It has been demonstrated that age plays a significant role in the impact of the FIV on outcome. One study found a cutoff volume for discrimination of good outcome in patients < 70 years of 49 mL as compared with 32 mL in patients 70 to 79 years and only 15 mL in individuals > 80 years.29 The concept of age-adjusted tolerability of strokes also seems to apply for patients with larger cores. Mourand et al showed that in patients with a baseline DWI-ASPECTS ≤ 5 who underwent treatment, 37% of patients ≤ 70 years had good outcomes compared with 10% in patients > 70 years (P = .02).6 Similarly, Rebello et al evaluated age-stratified data and reported a significant favorable shift in 90-day mRS in those ≤ 75 years (21 pairs; P = .03 for ordinal shift analysis; mRS 0–2, 6 of 17 [35%] patients vs 0; mRS 5–6, 3 of 17 [18%] vs 8 of 18 [44%] patients).8 Every patient > 75 years had a poor outcome regardless of intervention (mRS < 3 at 90 days).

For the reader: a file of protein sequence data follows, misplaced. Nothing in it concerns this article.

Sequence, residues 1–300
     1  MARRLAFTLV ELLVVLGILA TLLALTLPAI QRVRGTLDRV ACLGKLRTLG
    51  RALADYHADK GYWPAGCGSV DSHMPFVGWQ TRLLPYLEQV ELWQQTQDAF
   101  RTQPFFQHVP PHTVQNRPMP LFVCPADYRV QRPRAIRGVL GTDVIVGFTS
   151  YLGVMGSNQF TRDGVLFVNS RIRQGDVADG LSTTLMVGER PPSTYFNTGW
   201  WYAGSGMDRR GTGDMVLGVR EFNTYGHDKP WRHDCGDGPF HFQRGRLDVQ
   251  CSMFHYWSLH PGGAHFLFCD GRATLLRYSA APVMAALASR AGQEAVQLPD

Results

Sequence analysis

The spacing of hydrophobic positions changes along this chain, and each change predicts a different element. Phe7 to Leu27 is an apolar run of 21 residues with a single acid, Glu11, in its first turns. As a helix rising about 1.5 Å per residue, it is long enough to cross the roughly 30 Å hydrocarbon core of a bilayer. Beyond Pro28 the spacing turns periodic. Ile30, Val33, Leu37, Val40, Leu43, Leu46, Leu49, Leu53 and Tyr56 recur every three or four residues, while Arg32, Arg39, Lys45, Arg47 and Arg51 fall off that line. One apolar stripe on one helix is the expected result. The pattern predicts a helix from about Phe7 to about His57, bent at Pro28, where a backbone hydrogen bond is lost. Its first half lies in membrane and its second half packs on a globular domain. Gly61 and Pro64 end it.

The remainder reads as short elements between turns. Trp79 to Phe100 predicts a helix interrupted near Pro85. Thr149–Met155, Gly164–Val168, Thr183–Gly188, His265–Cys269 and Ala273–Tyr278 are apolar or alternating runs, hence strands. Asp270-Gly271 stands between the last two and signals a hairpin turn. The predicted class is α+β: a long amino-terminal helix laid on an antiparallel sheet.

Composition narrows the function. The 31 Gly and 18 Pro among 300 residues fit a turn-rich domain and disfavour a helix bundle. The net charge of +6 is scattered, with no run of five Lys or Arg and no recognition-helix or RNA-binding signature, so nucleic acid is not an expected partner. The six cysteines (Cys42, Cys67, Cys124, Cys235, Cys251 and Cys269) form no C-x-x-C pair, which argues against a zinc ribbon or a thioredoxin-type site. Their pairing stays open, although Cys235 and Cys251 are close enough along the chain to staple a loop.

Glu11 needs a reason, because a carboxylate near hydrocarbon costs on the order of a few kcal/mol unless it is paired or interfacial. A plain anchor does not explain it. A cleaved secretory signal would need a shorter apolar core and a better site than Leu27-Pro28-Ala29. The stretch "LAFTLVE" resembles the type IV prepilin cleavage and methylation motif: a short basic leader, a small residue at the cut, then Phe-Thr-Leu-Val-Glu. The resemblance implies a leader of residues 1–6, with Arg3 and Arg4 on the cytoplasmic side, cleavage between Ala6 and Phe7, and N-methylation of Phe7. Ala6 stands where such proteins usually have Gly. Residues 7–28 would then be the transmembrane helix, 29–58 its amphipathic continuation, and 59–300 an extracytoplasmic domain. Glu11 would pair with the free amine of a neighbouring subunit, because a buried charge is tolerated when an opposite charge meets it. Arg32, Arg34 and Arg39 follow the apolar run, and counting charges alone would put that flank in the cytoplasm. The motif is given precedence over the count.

The results of recent studies evaluating MT in large core baseline strokes have shown that some of these patients may benefit from reperfusion. However, controlled studies are necessary to define the safety and efficacy of MT in this patient population. Fortunately, the data analyses from previous studies have provided insight into the neuroimaging modalities, patient characteristics, and infarct volume thresholds to help guide and develop study protocols. Currently, there are three trials evaluating MT in large core stroke: TESLA, TENSION, and IN EXTREMIS.

The TESLA trial seeks to determine the effectiveness of MT versus medical management in patients 18 to 85 years presenting with AIS involving the internal carotid artery (ICA) terminus or middle cerebral artery (MCA) M1 segment, CT-ASPECTS of 2–5, and symptom onset within 24 hours. Primary outcome measure will be utility-weighted mRS.30